Microsoft and Google are pumping out frameworks, plugins and guidelines making it’s easier than ever to create a conversational UI. But are these plugins and frameworks actually enough to create a delightful experience? We experimented with doing it differently!
Conversational UIs are not just hip and happening, they pop up everywhere. Apple, Google and Amazon are scrambling to put microphones in your home, chat-bots are emerging like mushrooms on Facebook Messenger and Skype, and many websites are adding plugins to their websites so they have another way to interact with you.
But I feel these conversational UIs are lacking something…
Problem 1: context
Common examples of problems with context are when a conversational UI ‘forgets’ about things you asked it earlier or when a chat-window on a website doesn’t know which page your are currently viewing.
Conversational UIs also don’t understand the context of compassion: whether you are sad, angry or happy, the computer always answers the same 😔
Problem 2: it’s all text
Conversational UIs focus very heavily on text, eventhough there are many more ways to interact.
Let’s say you’re on the street and you ask Siri “is this restaurant any good?”. You then have to give it a name and address even though you are right there. Why can’t you just point your camera at it?
This holds for chat as well. Usually chat windows only accept text as input. Compare that with the cool ways you can also interact with people:
Problem 3: forgetting about the whole picture
Especially on websites, conversational UIs feel completely separate from the rest of the user experience. Designers and developers put a lot of work in making a website feel like a consistent experience and then chat-plugins are enabled and break that experience. Especially those boring ‘bottom-right’ chat-windows (the ones with the annoying pop-up notifications).
Movies and tv-series had this problem as well and they solved it. In the early days texting/chatting was shown with the actual phone or computer. It takes away valuable screen-time and it is a very boring visual.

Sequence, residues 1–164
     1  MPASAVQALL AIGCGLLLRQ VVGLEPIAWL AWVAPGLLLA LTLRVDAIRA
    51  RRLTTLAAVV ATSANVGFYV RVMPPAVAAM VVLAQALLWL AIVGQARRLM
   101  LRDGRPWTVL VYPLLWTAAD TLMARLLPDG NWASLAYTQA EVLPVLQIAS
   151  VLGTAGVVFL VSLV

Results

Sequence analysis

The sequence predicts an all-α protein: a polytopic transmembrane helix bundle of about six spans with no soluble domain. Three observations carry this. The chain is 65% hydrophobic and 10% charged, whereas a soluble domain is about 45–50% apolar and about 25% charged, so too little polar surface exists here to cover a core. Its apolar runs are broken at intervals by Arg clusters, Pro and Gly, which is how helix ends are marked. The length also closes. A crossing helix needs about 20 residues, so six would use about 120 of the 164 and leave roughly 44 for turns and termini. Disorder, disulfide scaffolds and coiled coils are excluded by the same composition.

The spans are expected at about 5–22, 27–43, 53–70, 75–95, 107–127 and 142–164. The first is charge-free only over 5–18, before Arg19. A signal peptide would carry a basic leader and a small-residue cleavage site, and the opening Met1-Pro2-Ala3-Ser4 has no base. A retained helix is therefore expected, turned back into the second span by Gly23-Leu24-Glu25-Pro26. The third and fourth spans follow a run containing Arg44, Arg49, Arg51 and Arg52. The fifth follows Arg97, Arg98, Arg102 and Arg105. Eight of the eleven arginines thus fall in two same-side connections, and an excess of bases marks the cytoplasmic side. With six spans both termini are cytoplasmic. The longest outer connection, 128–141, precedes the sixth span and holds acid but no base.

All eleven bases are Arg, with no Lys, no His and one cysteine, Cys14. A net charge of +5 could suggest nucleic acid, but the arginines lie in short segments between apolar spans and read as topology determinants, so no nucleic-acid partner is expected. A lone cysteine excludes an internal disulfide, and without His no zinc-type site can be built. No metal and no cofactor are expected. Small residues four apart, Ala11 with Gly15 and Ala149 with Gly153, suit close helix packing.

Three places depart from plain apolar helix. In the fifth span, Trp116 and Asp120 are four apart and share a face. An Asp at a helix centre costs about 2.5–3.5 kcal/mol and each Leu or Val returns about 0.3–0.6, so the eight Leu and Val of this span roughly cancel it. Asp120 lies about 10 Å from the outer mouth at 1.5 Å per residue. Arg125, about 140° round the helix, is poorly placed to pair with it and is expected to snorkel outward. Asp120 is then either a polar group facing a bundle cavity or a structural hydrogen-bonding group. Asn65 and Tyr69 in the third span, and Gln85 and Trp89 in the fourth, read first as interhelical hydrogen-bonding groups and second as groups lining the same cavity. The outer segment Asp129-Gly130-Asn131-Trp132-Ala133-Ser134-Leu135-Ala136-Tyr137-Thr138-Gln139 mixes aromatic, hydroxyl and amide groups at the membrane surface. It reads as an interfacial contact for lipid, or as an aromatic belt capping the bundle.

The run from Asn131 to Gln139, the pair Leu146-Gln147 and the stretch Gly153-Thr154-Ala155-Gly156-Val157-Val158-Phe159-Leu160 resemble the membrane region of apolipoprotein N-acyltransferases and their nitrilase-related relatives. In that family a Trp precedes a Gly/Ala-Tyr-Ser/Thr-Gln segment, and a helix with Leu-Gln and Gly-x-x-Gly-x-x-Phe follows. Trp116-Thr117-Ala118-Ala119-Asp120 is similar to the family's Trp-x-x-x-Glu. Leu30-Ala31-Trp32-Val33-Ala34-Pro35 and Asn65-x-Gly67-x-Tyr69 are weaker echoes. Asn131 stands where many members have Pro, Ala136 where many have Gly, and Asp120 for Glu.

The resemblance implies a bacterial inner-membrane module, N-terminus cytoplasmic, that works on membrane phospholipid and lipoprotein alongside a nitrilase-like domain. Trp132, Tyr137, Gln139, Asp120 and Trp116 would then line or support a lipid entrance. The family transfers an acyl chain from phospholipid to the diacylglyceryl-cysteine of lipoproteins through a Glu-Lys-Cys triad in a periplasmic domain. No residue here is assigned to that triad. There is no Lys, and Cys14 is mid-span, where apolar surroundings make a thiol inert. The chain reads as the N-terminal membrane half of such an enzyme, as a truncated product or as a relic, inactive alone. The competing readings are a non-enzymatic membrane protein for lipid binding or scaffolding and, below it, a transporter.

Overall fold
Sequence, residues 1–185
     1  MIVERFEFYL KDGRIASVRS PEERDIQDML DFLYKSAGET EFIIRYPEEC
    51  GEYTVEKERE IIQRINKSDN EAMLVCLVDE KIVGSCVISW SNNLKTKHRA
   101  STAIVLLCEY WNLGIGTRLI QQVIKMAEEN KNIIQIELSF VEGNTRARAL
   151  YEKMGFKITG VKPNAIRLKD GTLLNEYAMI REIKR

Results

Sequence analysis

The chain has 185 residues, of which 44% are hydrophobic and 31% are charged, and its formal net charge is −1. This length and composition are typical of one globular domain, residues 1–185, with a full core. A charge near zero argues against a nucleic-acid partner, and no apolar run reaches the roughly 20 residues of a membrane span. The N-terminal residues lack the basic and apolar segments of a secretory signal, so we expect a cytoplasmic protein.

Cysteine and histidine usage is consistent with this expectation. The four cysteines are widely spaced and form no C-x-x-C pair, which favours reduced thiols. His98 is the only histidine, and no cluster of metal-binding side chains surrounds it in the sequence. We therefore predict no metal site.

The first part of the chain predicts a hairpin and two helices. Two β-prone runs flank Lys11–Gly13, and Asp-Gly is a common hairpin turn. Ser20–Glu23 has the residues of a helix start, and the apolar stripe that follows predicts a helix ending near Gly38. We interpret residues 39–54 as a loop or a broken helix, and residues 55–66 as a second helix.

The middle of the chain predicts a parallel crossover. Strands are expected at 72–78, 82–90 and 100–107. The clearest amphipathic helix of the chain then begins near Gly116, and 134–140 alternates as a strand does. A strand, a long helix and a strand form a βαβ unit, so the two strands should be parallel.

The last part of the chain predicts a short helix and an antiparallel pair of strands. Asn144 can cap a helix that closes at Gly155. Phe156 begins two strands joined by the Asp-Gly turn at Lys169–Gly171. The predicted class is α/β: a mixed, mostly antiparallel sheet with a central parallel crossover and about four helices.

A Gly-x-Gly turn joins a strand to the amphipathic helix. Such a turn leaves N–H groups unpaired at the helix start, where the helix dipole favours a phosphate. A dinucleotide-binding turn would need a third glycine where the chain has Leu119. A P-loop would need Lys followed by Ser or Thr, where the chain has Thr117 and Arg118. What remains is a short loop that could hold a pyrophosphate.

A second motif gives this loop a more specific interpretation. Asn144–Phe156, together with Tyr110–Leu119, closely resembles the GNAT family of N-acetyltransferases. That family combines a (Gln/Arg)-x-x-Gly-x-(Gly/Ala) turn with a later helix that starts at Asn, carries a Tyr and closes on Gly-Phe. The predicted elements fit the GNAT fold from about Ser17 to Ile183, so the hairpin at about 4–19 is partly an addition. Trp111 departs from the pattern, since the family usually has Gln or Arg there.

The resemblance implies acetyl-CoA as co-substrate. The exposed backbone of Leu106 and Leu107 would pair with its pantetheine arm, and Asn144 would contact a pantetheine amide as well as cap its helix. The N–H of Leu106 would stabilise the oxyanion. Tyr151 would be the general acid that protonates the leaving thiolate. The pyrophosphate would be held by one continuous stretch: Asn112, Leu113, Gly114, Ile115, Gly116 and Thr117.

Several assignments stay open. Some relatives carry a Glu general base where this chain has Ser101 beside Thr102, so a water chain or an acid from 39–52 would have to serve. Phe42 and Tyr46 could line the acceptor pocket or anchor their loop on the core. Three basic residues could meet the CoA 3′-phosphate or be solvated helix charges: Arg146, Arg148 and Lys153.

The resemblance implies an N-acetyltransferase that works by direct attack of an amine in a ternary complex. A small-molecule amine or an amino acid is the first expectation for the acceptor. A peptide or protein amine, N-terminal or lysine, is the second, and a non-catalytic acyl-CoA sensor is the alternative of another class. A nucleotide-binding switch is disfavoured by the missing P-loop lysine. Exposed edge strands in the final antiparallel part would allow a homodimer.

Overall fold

Look how boring chat used to be in movies:
and look how cool it is now:
We love innovation and experimentation at Angi Studio (my employer) and this year we experimented with chat-bots. Our goal was to create a conversational UI for our website that “introduces Angi Studio in a fun way”.
- a structured conversation inspired by conversations in computer games. With a structure we knew we could create a more natural flow, where answers of the user would influence the rest of the conversation
- integration with other elements on the site
- the chat to have a distinct feeling. A more dynamic and lively way of interacting than our other content. As we use a lot of emojis on our site, we wanted to use emojis as the base of our chat-agent
We immediately knew we were on to something…
The first thing we created was an avatar that does the conversation instead of a simple chat-box. The avatar interacts with the page: flying behind other elements, rolling and resting on boxes.
We then started creating different prototypes: playing games in the page, cool animations, personalizing the website-content based on user-given answers…
The chat-prototype never went live, sadly, as we are working on even cooler stuff. But I do feel we that in just a short time we created something way more fun to use than any other chat-bot out there (prove me wrong! 😅).
Our experimental chat-bot was fun to use it almost felt ‘alive’. I think that’s because it shows agency and emotion: agency through an understanding of its context and emotion through animation.
In the future I will experiment more with how we can design intelligence. My assumptions are agency, emotion and empathy are the keys to creating the feeling of such an ‘alive’ intelligence.
Really curious to hear your feedback on this!
Huge thanks to Sangeetha Jayaram and Angi Studio!